SA Study initiated for conversion of Kelvin power station from coal to gas
A $1.3-million feasibility study has been initiated into the prospect of converting the coal-fired Kelvin power station, east of Johannesburg, into a 450 MW to 600 MW gas-fired power station. The study will also assess the potential for developing the Kelvin site into a gas distribution hub for Gauteng, South Africa’s industrial heartland.
The 12-month study is being funded by way of a US Trade and Development Agency (USTDA) grant, which has been awarded to NOVO Energy, a South African integrated natural gas company, owned by Harith General Partners.
regional manager Jacob Flewelling tells Engineering News Online that the study will be conducted by EHS Support, of the US, in partnership with Prime Africa, of South Africa.
The Kelvin power station was initially developed and owned by the City of Johannesburg in the 1950s and 1960s. The two-station facility has a nameplate capacity of 600 MW, but only one of Kelvin’s two stations is currently operational.
In 2001, the plant was sold to private investors, transforming Kelvin into the country’s only coal-fired independent power producer, backed by a 20-year power purchase agreement (PPA) with Johannesburg’s electricity utility, City Power.
Kelvin has since changed hands on several occasions and is currently owned by Aldwych, which, like NOVO Energy, is also a Harith General Partners investment.
NOVO Energy CEO Andri Hugo tells Engineering News Online that gas sourcing will form a major portion of the study and that various options will be examined, including tapping into the Rompco pipeline, which transports gas from Mozambique to South Africa. Rompco is a joint venture between Sasol, Companhia Mocambiçana de Gasoduto and the State-owned South African Gas Development Company, or iGas.
However, the study will also assess prospects for using liquefied natural gas (LNG), which could, in future, be imported through Richards Bay, in KwaZulu-Natal. Both pipeline and rail logistics solutions will be assessed for transporting the gas from Richards Bay to Kelvin, situated in Kempton Park.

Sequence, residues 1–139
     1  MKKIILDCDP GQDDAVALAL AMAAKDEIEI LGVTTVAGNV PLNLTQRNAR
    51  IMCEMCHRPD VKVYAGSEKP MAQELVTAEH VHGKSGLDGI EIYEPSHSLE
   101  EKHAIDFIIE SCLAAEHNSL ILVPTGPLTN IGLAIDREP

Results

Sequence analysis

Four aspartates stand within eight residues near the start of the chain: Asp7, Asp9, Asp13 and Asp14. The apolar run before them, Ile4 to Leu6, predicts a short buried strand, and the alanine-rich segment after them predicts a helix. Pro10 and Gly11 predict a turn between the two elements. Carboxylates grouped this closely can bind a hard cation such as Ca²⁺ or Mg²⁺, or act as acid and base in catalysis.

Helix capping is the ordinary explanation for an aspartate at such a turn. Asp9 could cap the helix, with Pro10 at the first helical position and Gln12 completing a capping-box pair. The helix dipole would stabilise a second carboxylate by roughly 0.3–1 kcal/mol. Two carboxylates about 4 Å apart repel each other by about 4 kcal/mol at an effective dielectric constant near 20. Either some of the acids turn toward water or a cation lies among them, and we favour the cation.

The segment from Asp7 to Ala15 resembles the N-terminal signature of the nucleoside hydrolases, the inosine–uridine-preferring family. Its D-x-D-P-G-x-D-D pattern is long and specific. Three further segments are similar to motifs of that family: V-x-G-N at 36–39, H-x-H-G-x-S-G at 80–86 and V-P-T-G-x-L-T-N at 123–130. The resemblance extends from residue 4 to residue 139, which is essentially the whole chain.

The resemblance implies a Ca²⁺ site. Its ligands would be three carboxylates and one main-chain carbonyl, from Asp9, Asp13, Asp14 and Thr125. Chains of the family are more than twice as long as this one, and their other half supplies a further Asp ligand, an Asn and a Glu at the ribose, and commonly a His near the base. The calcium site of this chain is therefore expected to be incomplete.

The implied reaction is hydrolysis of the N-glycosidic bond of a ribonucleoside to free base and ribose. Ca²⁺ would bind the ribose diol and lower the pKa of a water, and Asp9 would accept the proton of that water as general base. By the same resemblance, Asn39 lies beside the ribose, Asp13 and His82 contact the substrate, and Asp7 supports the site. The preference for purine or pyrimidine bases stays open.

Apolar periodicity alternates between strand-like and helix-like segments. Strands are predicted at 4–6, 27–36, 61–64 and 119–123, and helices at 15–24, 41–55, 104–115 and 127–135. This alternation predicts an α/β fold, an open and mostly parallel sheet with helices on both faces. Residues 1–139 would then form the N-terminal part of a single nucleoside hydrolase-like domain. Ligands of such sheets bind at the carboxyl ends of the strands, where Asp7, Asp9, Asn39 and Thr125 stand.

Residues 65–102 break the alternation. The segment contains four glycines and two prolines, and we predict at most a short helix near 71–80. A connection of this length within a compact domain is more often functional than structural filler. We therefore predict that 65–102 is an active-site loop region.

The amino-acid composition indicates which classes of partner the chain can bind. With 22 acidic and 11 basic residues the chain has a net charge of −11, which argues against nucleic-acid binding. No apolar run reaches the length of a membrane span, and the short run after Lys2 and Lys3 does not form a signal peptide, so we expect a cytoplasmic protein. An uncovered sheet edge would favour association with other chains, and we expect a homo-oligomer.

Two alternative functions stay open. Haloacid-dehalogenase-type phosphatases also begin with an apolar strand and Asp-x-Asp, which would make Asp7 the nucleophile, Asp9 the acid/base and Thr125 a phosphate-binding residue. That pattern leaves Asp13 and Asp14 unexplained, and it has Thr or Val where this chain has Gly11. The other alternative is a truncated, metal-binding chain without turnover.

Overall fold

“NOVO Energy is driving the study, because of the importance of gas supply to the project. Without finding a way to secure gas, at the right price, one can’t even start looking at converting Kelvin to a gas-fired power station,” Hugo explains.
“It’s the first piece of the puzzle that we hope to solve through this feasibility study.”
As with all USTDA grants, Flewelling says the aspiration it to create export opportunities for American companies. In this case, firms with expertise to deliver gas infrastructure and gas-to-power solutions.
Although the PPA with City Power is due to expire in the next few years, USTDA believes there will be a strong incentive for City Power to enter into a new contract, particularly if Kelvin were in the position to produce lower-emission electricity from gas rather than coal.
Likewise, there is an incentive for Aldwych to extend Kelvin’s operational life, particularly as the plant is already integrated into the Gauteng network and also has all the necessary regulatory licences and permits.
Hugo believes there is also significant potential to supply gas to industrial customers in Ekurhuleni, which remains one of South Africa’s main manufacturing hubs.
ENERGY STORAGE PILOT
Separately, USTDA has also signed a $500 000 grant in favour of Bushveld Energy, which is promoting the deployment of the Vanadium Redox Flow battery (VRFB) in South Africa.
The grant will be used in support of a pilot project to demonstrate the performance of an energy storage system in South Africa.
For the first 18 months of the assessment, Eskom will test the VRFB system at its Rosherville research centre, south of Johannesburg. Thereafter, the unit will be relocated to an alternative site to further evaluate the role the battery could play in the South African context.
Bushveld Energy CEO Mikhail Nikomarov tells Engineering News Online the USTDA grant will enable the company to expand the scope of the pilot to include a study into the ability of the battery to offer multiple services either simultaneous, or over the course of a day.
“The idea would be to define the most immediate business cases for the battery.”
The second site has not yet been selected and Nikomarov says the initial modelling work is likely to assist with the selection of the most suitable commercial site.
The VRFB will have a peak power of 120 kW and 450 kWh peak energy storage. Bushveld Energy’s US-based technology partner, UniEnergy Technologies, has manufactured the unit. Source: Mining Weekly